The plains zebra (Equus quagga) is one of the most recognisable animals in the world due to its distinctive black and white striped pattern. Unfortunately, this iconic species has now been listed by the International Union for Conservation of Nature (IUCN) as ’Near Threatened’ as of 2016.


In the past few decades, the population of plains zebras declined dramatically, with estimates suggesting the total number fell by over 30%. There are several reasons for this decline, including human exploitation of species and their habitat, hunting for meat and hides, mining, and competition with domestic livestock for resources.


The demise of the zebra species would have a devastating knock-on effect on a large number of other species. Plains zebras play an important role in the balance of the ecological system in which they occur. As herbivores, they play a crucial role in maintaining the balance of grasslands and savannas by grazing on a vegetation that is not easily grazed by other animals. They are therefore considered “pioneer” grazers preparing the way for other species to thrive.


Let’s remember that over the past few decades human actions also brought the rhino population close to extinction, created biodiversity hotspots such as in the Richtersveld, reduced fish populations in our oceans, and had countless other consequences. What part of our everyday behaviour will scientists attribute to the silent demise of our natural heritage? More importantly, what will we tell our children?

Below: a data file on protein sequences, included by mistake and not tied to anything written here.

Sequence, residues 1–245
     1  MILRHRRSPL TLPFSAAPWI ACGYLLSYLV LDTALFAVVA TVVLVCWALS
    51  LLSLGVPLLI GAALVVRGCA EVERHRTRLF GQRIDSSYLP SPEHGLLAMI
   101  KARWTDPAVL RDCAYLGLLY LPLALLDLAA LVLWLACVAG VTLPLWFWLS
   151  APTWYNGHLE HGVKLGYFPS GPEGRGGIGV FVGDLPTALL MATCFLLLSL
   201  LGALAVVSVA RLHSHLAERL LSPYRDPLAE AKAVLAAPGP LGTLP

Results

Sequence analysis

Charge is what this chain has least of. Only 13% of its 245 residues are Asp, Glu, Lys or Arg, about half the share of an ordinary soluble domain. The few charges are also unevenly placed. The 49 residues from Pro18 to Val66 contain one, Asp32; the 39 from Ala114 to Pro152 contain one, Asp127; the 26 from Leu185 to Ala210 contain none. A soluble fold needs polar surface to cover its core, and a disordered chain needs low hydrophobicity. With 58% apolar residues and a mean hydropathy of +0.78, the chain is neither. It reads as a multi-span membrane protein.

We must no longer be blind to how important our seemingly careless human behaviour in our everyday life could result in catastrophic consequences.


In my art series, I included an image of three zebras I captured during a dusty heat wave. They have an important story to tell. This story is not only about their survival but also about our own future.


Let the blind see - zebra image



This image haunted me for a long time after capturing it, until finally my eyes were opened. It was as if I experienced a vision of the stark reality ahead.


The  high-key image shows the zebras walking silently in single file out of their bleached, hot, and dry environment. I saw the edge of the frame they were approaching as the dreaded line of “extinction” not only for them, but for all those who depend on them.


What haunted me most was the inescapable feeling that the last zebra was trying to tell me something.  Her eyes were blinded by the wind blowing the tail of the zebra ahead of her, right across her eyes. It felt like the message was "Stop being blind to what is happening to us and the environment. Act now before we all reach the edge!"




My entire art series which I named “The Allure of Africa” explores our human interaction with the natural world. It seeks to open our eyes and minds through juxtaposing the beauty of the African landscape with the stark reality of the challenges facing its future existence.


We seem to have lost sight of the underlying problem and need to constantly remind ourselves that the fate of nature has a direct impact on our own existence and mental wellbeing.




Whilst the idea of creating demarcated areas of ‘pristine nature’ is commendable and has obvious benefits, that idealised vision unintentionally led to devastating consequences. We created a mindset and culture where humanity is seen as existing in a bubble separated from nature.